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Cognitive disparities, lead plumbing, and water chemistry: Prior exposure to water-borne lead and intelligence test scores among World War Two U.S. Army enlistees

Joseph P. Ferrie, Karen Rolf and Werner Troesken

Economics & Human Biology, 2012, vol. 10, issue 1, 98-111

Abstract: Higher prior exposure to water-borne lead among male World War Two U.S. Army enlistees was associated with lower intelligence test scores. Exposure was proxied by urban residence and the water pH levels of the cities where enlistees lived in 1930. Army General Classification Test scores were six points lower (nearly 1/3 standard deviation) where pH was 6 (so the water lead concentration for a given amount of lead piping was higher) than where pH was 7 (so the concentration was lower). This difference rose with time exposed. At this time, the dangers of exposure to lead in water were not widely known and lead was ubiquitous in water systems, so these results are not likely the effect of individuals selecting into locations with different levels of exposure.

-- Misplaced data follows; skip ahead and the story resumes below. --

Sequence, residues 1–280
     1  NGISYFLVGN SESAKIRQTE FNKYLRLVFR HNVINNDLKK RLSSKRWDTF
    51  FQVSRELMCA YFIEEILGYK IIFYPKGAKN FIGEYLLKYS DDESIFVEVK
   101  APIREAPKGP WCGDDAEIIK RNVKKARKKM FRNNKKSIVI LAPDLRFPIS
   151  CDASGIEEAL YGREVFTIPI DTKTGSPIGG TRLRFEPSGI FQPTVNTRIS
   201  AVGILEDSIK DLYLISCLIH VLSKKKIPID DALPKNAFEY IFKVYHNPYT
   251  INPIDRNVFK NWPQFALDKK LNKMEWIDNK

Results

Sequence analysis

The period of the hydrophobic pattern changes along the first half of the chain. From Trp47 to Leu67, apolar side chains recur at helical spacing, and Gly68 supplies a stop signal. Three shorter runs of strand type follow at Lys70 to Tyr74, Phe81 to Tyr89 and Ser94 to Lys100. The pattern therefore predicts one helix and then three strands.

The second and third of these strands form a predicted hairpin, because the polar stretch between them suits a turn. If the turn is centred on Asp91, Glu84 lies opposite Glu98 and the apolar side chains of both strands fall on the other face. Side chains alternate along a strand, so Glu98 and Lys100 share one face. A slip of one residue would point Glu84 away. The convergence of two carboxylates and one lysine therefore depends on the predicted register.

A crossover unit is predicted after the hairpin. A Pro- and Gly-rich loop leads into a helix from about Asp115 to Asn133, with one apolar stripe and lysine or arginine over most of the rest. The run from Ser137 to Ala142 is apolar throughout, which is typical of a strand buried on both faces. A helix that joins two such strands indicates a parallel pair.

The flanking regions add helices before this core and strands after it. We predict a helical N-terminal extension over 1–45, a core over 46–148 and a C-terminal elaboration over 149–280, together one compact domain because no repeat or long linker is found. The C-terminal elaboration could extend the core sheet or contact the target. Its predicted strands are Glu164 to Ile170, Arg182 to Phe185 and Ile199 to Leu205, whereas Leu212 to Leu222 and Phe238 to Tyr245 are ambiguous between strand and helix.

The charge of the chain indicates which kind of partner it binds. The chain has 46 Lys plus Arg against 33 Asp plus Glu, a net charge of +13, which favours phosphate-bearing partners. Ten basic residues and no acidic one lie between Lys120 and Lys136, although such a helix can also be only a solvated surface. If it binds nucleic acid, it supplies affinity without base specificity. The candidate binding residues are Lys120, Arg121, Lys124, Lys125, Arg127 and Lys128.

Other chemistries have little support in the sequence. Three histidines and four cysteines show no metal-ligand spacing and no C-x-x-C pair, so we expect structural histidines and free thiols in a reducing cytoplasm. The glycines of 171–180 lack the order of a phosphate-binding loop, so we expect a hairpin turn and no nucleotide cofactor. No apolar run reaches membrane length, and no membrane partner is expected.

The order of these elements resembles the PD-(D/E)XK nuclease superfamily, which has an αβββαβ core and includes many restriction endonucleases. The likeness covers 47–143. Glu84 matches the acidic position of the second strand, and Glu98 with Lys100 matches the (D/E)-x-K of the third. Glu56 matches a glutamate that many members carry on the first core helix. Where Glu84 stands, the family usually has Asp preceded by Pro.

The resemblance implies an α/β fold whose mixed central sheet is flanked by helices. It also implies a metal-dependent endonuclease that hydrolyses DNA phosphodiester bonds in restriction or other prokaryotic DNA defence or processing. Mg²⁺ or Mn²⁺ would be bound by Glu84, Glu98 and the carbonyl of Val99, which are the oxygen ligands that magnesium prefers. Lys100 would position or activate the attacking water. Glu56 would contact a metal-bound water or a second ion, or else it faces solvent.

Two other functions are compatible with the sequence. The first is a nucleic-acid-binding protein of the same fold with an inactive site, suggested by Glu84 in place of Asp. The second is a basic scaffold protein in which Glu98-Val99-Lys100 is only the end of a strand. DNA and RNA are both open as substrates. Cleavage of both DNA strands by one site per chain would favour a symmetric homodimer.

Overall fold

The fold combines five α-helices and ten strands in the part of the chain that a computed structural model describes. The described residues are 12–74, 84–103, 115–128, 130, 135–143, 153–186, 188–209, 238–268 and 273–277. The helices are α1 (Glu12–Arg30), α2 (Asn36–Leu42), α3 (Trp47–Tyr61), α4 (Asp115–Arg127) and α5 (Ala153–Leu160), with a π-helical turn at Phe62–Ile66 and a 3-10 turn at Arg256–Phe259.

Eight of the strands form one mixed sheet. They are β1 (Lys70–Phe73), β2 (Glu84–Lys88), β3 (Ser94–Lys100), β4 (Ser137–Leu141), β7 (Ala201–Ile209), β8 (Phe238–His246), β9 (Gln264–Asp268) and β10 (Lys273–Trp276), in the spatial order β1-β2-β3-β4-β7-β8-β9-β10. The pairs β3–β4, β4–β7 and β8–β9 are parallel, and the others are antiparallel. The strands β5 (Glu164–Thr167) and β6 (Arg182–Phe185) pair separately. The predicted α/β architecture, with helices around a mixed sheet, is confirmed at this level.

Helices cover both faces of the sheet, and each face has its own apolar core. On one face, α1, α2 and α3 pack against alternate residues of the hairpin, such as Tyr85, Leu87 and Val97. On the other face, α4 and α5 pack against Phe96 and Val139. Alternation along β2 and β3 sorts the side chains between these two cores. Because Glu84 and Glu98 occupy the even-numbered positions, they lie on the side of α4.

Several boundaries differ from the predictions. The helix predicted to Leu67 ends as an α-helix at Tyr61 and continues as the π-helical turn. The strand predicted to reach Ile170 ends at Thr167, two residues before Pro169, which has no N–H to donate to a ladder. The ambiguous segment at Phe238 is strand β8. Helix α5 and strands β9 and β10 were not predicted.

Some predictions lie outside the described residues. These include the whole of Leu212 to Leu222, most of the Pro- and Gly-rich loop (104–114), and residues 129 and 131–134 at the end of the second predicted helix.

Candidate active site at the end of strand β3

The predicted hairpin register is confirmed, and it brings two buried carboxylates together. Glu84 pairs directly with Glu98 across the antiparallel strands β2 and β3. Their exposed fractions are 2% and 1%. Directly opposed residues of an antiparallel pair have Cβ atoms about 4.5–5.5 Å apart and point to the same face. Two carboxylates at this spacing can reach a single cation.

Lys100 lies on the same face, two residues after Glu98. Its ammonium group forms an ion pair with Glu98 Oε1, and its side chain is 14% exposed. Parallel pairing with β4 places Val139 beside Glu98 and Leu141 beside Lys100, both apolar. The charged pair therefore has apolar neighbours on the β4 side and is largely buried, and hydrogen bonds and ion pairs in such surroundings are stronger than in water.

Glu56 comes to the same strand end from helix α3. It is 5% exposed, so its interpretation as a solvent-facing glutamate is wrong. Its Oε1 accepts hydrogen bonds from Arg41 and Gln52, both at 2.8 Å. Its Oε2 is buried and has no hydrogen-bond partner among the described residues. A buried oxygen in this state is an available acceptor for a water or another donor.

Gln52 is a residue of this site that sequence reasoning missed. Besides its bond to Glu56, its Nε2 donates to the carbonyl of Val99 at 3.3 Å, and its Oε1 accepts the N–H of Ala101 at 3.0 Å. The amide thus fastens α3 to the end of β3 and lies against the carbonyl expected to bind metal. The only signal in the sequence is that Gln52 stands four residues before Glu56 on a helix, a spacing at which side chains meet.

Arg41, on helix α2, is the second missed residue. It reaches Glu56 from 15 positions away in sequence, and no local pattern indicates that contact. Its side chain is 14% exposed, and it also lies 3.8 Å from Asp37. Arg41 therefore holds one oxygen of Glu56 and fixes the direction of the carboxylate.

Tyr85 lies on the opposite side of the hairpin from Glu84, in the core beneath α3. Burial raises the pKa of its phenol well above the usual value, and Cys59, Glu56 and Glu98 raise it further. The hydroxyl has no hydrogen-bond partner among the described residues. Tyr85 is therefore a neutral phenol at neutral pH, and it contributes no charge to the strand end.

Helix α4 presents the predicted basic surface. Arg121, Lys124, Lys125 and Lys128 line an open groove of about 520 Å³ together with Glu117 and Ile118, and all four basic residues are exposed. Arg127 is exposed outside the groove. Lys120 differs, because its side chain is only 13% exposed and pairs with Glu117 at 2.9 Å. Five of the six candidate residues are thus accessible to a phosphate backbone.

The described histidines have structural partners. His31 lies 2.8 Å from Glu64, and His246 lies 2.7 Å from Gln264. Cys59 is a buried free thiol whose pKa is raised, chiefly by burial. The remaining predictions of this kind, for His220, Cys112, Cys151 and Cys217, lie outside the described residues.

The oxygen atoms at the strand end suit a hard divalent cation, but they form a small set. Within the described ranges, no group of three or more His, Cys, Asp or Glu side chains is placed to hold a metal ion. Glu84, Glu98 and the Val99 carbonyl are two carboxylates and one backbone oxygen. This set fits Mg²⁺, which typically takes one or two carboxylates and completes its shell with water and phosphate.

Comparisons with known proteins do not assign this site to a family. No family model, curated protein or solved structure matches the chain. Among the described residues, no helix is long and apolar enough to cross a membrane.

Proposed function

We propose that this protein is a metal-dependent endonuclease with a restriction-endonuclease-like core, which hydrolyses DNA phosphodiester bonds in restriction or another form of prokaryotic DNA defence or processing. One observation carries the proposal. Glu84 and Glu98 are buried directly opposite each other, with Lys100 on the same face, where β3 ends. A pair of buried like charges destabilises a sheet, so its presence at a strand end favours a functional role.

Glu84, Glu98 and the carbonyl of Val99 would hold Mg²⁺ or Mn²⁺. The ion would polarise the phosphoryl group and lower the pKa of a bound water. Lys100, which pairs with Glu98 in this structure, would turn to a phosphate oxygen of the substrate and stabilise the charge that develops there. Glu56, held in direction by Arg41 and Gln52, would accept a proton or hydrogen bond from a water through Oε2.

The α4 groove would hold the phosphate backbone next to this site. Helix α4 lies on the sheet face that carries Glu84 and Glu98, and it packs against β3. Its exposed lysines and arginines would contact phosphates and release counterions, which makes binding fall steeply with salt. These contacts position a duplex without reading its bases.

Keywords: Lead exposure; IQ; Intelligence; Early-life conditions (search for similar items in EconPapers)
JEL-codes: I12 Q53 N32 N52 (search for similar items in EconPapers)
Date: 2012
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DOI: 10.1016/j.ehb.2011.09.003

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